The key factor influencing paramedics’ decision-making during an emergency call was the clinical condition of the patient. This was assessed through a mixture of general and clinical observation. This includes scanning the scene, surveying the patient, taking vital signs and collecting information from informants and available documentation (Table 3, quotes 1–4).
Where the patient’s clinical condition clearly indicated that conveyance to hospital was advisable, no other factors were taken into account. The need for further assessment and any necessary treatment in the acute setting was the overriding factor in making the decision to convey to hospital (Table 3, quotes 5–9).
In two cases, paramedics provided on-scene treatment which obviated the need to convey the patient to an acute hospital setting. In another case, the patient’s clinical condition was re-assessed after on-scene treatment in order to make an appropriate decision (Table 3, quotes 10–12).
In the absence of clinical indicators enabling a clear decision about conveyance, wider factors considered by paramedics included the patient’s cognitive capacity and circumstances.
All the patients were older adults with a diagnosis of dementia, some of whom also exhibited signs of fear or anxiety. The degree of their cognitive capacity ranged from difficulty recalling events to difficulties with communication (Table 4, quotes 1–2).
It was apparent that most of the paramedic participants preferred not to remove patients who were living with dementia from surroundings familiar to them, unless they deemed it absolutely essential. (Table 4, quotes 3–4). However, one participant indicated that a diagnosis of dementia made it more likely that she would convey patients, particularly if communication proved difficult and she was unable to assess the patient (Table 4, quote 5). Conversely, where conveyance was definitely indicated, a diagnosis of dementia did not influence the decision made (Table 4, quote 6).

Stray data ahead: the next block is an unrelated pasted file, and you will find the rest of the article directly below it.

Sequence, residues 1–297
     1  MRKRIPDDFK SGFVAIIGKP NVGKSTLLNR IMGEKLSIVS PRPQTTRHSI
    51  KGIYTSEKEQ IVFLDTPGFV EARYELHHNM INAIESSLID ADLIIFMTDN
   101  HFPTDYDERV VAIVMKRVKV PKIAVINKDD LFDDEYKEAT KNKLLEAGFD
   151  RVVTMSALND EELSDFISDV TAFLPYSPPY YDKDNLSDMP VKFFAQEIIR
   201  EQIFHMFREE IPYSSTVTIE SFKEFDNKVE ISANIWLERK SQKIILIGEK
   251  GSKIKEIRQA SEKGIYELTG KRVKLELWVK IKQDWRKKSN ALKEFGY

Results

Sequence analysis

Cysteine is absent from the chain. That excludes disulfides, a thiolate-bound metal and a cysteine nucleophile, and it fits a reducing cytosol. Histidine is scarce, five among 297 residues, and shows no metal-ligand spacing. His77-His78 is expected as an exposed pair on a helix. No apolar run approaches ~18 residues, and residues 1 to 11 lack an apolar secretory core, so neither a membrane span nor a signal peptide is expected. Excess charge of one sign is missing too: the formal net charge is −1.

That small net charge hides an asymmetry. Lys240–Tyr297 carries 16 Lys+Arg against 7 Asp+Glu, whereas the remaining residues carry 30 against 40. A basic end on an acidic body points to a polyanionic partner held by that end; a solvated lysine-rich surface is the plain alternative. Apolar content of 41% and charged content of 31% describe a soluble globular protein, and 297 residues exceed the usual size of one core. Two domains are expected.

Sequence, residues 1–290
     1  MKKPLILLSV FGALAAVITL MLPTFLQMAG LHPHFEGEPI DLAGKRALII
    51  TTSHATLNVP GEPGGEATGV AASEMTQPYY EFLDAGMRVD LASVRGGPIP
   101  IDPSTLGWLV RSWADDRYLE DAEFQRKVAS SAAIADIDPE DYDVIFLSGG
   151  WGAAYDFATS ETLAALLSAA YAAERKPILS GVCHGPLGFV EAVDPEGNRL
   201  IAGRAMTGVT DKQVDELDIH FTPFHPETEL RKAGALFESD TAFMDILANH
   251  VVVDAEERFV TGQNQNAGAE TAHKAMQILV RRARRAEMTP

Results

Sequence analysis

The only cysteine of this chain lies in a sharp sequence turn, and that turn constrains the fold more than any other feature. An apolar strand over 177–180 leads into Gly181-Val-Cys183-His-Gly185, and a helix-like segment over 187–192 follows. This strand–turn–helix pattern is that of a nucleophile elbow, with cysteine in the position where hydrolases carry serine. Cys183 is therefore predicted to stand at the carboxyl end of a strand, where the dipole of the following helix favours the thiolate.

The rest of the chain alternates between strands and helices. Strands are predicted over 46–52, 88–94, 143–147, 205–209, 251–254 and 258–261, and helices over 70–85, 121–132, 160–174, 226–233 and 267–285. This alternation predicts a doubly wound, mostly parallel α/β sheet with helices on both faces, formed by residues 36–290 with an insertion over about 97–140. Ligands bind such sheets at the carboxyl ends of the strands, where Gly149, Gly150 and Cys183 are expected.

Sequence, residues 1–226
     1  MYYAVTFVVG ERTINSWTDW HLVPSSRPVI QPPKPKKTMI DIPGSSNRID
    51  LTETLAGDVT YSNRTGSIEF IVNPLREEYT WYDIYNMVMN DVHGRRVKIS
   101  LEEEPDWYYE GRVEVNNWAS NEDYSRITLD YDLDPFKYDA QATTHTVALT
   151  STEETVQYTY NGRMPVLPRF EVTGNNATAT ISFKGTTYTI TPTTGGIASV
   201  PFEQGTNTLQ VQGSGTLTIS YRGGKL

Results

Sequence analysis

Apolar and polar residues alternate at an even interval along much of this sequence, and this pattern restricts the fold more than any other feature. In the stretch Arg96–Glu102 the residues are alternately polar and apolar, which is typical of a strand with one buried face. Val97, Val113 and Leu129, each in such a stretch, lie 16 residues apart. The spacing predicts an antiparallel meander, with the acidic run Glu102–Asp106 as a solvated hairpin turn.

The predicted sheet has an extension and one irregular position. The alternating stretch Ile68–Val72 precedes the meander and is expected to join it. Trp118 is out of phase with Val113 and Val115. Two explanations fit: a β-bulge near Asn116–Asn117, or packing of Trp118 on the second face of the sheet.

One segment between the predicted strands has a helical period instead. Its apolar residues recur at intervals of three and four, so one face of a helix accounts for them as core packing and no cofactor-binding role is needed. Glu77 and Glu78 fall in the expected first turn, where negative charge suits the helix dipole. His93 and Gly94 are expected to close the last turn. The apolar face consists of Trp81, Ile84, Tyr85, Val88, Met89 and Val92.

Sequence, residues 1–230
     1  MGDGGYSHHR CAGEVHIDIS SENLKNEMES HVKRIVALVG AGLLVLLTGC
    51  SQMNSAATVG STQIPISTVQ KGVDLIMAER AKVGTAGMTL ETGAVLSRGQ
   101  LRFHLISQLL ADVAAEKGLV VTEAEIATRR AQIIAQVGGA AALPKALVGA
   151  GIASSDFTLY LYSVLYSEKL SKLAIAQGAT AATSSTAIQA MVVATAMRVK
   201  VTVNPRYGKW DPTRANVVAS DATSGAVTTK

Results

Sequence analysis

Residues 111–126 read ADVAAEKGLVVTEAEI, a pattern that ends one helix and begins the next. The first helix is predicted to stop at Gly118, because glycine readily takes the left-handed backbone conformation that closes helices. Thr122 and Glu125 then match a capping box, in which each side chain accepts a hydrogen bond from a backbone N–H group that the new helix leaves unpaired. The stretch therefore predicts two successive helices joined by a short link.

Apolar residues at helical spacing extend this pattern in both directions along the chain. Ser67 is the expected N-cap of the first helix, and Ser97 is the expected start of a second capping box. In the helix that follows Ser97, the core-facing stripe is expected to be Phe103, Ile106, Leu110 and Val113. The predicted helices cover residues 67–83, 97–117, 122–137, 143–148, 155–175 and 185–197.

In cases where a patient or carer had a preference for conveyance to hospital, paramedics asserted that they would not convey unless they felt in was in the patient’s best interest (Table 4, quotes 7–8).
Patient circumstances included the patient’s medical history and the support available to them at home. Information concerning these issues was gleaned from patients themselves where possible and also from carers, friends or relatives present at scene. One of the paramedics commented on how useful it could be to talk to someone who knows the patient well to find out what is usual for them (Table 5, quotes 1–2).
If patients were in their normal place of residence, paramedics could often access written information left by carers. However, the information was sometimes of poor quality, difficult to read or extensive; paramedics indicated that a concise summary of information would be more useful to them (Table 5, quotes 3–6).
Support seemed to be an important issue, particularly where people with dementia were living in their own homes. One factor appearing to influence participants’ decisions was the type and extent of care available to the patient in the community. For some participants, this included social support (Table 5, quotes 7–9) and the wishes of family members or informal carers (Table 4, quote 8).
The data showed that paramedics also draw on specialist and other colleagues’ perspectives in order to inform their decision-making; for instance, making a call to a GP or a specialist EMS advisor. This was particularly the case when it was uncertain whether a patient needed to be conveyed to hospital. During interviews, a few participants spoke about the importance of experience and training when making these decisions, and of possible difficulties arising from being a practitioner working alone (Table 6, quotes 1–4).
Other issues informing decision-making processes which paramedic participants raised during interview included the time of day, fear of litigation and the relationship between guidelines and practitioners’ opinions (Table 6, quotes 5–6).